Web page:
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Saturday, November 01, 2014
South Walk
 
South Walk
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The Illustrative Campus Plan and the Concept drawings show an east-west walkway ranging from the new library site to the College Road at the rear of Penhurst. This proposed walk lies to the south of Venable Hall and the Middlecourt and a proposed new landscaped parking lot on the present site of the physical plant operations buildings.

Although apparently a minor element in the grander vision of the overall plan, this walkway is viewed as the frontier to the College's future. The plan has identified two potential building sites to be developed in the long term (a campus plan or two hence): one near the former site of McIlwaine Hall, which burned in 1957, amid the Lawns; and the second on College Road, requiring the acquisition of a single residential structure and lot. Given the limited number of alternative sites for long-term development (well beyond the scope of this campus plan cycle) and given the centering of the College's academic facilities around the Via Sacra, it reasonably follows that growth of core facilities in the coming century is likely to extend the core precinct of the College southward. The open fields and proposed parking lot for this area can be felicitously adapted to a pattern of lawns and buildings, in keeping with the established pattern of the core to the north of Via Sacra. Thus, South Walk, as it is termed here for convenience, becomes the landscape link to the College's future development.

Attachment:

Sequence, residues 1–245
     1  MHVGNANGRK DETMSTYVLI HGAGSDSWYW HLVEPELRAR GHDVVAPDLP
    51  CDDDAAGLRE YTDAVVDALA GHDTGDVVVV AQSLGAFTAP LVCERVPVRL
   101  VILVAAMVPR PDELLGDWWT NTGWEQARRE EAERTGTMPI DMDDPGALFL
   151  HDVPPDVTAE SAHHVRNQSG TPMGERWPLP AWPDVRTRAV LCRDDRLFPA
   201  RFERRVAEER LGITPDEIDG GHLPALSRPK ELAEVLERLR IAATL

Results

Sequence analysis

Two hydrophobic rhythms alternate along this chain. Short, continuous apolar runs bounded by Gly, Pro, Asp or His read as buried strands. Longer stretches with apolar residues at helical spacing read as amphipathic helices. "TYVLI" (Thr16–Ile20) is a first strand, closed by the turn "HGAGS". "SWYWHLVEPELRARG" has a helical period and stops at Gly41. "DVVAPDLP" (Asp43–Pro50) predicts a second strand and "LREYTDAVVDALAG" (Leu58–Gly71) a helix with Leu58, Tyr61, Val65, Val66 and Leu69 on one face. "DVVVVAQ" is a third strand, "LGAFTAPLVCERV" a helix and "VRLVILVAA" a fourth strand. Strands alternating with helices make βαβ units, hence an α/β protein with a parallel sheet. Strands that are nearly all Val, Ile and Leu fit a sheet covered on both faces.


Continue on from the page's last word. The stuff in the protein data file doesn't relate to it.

In the approaching decade, the South Walk will form the threshold to the core campus. Its purpose is at once to clearly define an edge to a sacred precinct, as well as to help those arriving by car and parking in the large lot to make a pleasant transition to pedestrian status. A simple, but grand and elegant, landscape is envisioned: a broad walkway, possibly brick paved, that is arrow-straight and lined on both sides with well-spaced hardwood trees that will take several generations to mature. Along the walkway, benches will be placed at intervals, serving as places to linger or to wait for one's companions.